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Developers in front of county for “hybrid plan” north of town

Proposal includes Crested Butte annexation

by Mark Reaman

Cypress Foothills LP has officially submitted a sketch plan application with Gunnison County to develop the 44 acres just north of Crested Butte.

The major impact review process of the county Land Use Resolution (LUR) will be used for the proposed residential Slate River development. Ultimately, the hope is to coordinate with the town of Crested Butte for a “hybrid” development plan that utilizes the overall property for civic and private uses between a Crested Butte annexation of 14 acres and private home sites that would remain located in the county jurisdiction on 30 acres.

Essentially the developers are asking for 23 residential home sites on the 30-acre parcel east of the Slate River that would be in the county. All of the homes built would tie into Crested Butte’s sewer system. On the 14 acres west of the river, the developers have a pre-annexation agreement with the town that would include some free market home sites, land for affordable housing, open space, park land and land for potential civic uses such as an emergency services center or school facility.

“Cypress hopes it will be an exemplary demonstration of cooperation and coordination between Cypress, the County and the Town,” the sketch plan application states.

The application also makes clear that “Cypress and the Town have been careful to acknowledge and preserve the County’s exclusive jurisdiction over the Project.”

Gunnison County community development director Russ Forrest said the process is not a quick one and will take at least 12 to 18 months. “Right now we are sending the application out to referral agencies including the town of Crested Butte and Crested Butte Fire Protection District,” he said. “We do not have dates yet for work sessions or a hearing. This will be a major impact review that includes sketch plan, preliminary plan and final plan phases. All need approval and all those steps will include opportunity for the public to comment on the proposal.”

Cypress plans to clean up some of the old landfill property on the west side of the property if the development is ultimately approved.

Under the proposal, water to the project would be supplied by wells located on or in close proximity to the property. In the event the wells cause depletions to the Slate River upstream of its confluence with Washington Gulch, Cypress’s plan for augmentation will include a small off-channel augmentation pond located on or in close proximity to the property.

Trails and river access

In the event the project is approved, Cypress has agreed to construct a public river trail along the west bank of the Slate River through the west parcel in order to provide potential connectivity to the existing Rec Path south and east of the property.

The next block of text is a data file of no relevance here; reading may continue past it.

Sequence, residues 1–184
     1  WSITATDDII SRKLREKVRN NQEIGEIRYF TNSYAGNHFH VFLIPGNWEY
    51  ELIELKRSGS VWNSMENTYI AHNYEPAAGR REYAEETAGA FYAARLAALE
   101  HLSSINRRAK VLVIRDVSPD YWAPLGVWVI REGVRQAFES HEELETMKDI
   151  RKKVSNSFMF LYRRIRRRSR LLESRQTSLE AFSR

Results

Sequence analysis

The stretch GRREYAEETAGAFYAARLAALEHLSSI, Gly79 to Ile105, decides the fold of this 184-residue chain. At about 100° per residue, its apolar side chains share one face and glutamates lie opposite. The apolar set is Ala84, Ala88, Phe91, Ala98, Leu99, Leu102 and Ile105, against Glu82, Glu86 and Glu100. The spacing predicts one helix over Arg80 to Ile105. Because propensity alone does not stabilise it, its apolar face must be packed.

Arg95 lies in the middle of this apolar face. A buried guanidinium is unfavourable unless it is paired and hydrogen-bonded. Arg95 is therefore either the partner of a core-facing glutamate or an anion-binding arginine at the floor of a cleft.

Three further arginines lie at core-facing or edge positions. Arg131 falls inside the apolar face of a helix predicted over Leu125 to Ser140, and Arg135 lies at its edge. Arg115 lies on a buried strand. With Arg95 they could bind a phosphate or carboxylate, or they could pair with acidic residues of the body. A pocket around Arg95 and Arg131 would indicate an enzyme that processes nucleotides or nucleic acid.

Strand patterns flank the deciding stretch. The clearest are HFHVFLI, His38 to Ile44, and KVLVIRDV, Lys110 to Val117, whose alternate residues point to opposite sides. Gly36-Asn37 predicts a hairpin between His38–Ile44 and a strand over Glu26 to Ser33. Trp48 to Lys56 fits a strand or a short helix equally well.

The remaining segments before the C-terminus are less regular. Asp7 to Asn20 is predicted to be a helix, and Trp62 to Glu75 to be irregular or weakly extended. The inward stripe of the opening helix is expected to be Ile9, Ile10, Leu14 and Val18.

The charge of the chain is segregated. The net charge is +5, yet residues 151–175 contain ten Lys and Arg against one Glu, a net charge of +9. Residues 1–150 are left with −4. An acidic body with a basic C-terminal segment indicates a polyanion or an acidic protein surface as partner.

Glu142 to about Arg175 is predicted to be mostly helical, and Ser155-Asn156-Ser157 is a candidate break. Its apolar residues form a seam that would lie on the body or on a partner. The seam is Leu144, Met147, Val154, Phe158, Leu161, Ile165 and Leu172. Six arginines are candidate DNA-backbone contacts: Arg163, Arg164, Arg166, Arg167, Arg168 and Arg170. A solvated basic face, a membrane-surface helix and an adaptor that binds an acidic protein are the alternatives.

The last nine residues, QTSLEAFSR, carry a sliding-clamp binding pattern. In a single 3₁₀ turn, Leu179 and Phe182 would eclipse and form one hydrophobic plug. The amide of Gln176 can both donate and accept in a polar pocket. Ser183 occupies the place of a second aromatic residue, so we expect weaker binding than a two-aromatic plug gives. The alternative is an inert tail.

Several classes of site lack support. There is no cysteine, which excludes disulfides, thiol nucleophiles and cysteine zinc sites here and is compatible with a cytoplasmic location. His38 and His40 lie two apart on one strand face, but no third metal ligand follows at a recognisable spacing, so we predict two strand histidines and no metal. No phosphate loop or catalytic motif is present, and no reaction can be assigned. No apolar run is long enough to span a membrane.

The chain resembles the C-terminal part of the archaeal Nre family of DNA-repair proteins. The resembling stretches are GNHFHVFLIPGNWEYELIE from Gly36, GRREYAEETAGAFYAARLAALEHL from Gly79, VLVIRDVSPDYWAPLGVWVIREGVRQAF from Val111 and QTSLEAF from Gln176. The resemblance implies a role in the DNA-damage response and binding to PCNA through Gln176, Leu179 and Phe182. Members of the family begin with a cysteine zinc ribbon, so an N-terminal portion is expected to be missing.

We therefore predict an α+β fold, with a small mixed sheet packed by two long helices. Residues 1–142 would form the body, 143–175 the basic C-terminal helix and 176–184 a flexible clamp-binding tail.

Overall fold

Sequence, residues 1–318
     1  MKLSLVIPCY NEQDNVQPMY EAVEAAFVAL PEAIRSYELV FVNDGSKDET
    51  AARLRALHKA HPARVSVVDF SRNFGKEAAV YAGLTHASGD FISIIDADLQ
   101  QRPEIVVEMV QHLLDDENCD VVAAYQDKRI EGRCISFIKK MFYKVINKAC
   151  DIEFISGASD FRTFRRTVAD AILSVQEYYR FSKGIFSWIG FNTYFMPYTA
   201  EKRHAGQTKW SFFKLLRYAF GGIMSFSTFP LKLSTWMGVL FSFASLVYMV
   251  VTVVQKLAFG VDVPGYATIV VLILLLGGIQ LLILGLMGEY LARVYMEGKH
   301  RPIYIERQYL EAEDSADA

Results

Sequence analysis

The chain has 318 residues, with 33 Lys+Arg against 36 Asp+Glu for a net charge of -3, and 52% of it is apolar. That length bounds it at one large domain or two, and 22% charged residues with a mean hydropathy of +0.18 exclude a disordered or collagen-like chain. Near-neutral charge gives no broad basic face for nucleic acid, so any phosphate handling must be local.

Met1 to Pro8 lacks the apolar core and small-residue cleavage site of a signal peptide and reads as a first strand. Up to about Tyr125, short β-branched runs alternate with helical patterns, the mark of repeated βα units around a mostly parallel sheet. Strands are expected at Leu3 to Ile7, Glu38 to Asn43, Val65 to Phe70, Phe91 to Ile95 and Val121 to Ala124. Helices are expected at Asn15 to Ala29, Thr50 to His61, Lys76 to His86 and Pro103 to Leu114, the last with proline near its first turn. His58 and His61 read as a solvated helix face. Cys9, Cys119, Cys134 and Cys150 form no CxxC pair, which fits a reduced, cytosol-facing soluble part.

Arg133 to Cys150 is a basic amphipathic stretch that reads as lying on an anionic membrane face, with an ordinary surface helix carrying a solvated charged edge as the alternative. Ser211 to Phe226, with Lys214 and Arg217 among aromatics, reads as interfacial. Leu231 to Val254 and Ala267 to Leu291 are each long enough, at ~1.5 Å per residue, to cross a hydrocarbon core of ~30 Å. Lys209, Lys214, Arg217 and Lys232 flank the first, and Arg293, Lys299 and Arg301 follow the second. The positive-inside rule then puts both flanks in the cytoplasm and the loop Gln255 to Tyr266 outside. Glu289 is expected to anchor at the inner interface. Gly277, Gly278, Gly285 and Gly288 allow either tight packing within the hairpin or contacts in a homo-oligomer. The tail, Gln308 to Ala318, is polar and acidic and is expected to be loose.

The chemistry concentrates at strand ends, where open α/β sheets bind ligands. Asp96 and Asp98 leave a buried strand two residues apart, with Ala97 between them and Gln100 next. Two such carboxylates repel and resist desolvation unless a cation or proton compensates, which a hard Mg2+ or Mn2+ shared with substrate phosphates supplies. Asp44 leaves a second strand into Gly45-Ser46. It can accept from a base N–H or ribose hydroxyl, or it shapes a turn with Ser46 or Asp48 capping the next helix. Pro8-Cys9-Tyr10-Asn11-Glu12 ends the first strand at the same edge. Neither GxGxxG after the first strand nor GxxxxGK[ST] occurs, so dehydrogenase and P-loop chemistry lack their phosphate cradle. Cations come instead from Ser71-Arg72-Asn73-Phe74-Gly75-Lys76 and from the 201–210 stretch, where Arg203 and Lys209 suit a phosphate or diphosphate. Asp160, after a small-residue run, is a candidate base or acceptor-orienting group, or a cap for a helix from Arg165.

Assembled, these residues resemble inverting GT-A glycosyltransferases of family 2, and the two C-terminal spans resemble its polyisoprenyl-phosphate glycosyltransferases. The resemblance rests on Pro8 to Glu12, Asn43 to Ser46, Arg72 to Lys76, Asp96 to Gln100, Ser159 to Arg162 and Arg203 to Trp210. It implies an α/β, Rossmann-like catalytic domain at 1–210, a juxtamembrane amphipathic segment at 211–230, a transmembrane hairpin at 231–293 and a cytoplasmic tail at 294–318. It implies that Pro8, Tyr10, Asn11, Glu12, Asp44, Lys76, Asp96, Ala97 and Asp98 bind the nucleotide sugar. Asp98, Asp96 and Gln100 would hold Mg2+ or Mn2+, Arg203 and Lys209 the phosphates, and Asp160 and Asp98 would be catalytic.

According to the proposal, Cypress also will allow public boating on the Slate River through the property and provide public boating access to the Slate River from its west bank, immediately south of the “Road A” bridge.

In conjunction with the construction of the river trail, Cypress will move the Crested Butte sewer outfall to facilitate boating along this stretch of the Slate River and construct fencing between the river trail and the town’s public works yard.

In addition, Cypress’s proposal contemplates a private river park for the benefit of the residential lot owners on the east parcel. The bridge across the Slate River is anticipated to be approximately 10 to 12 feet above high water levels to avoid interference with boaters using this stretch of the Slate River.

Cypress has agreed that the traffic study it prepares pursuant to the county LUR will include the proposed uses on both the east parcel and the west parcel. The traffic study will not just include the impacts of the proposed development itself but will also evaluate the Gothic Road intersection with increased background traffic on Gothic Road from general growth projections at the upper end of the valley.

As for the herd of elk that sometimes occupies that area, the proposal acknowledges there is some elk impact. “Like the Town of Crested Butte, Mt. Crested Butte, the Buckhorn Ranch subdivision, the Skyland subdivision, and the Crested Butte South subdivision, the Property is located within the winter range of elk, and elk have been observed on the Property. However, there are no mapped elk migrations corridors on or through the Property,” the application states.

If all goes as proposed, “Cypress is proposing to cleanup portions of the old Town landfill for the benefit of the Town, its residents, and nearby residents of the County,” the application states. “Once the cleanup has been completed and approved by CDHPE (Colorado Department of Public Health and Environment), Cypress will convey this land to the Town of Crested Butte to be used for various public purposes. The Town Agreement also gives the Town the option of further cleaning up Town Parcel 4 in the future so that it can be used for additional public purposes such as a recreation center.”

The county review process will take at least a year and if approved, the town would begin an annexation process for the lower 14 acres.

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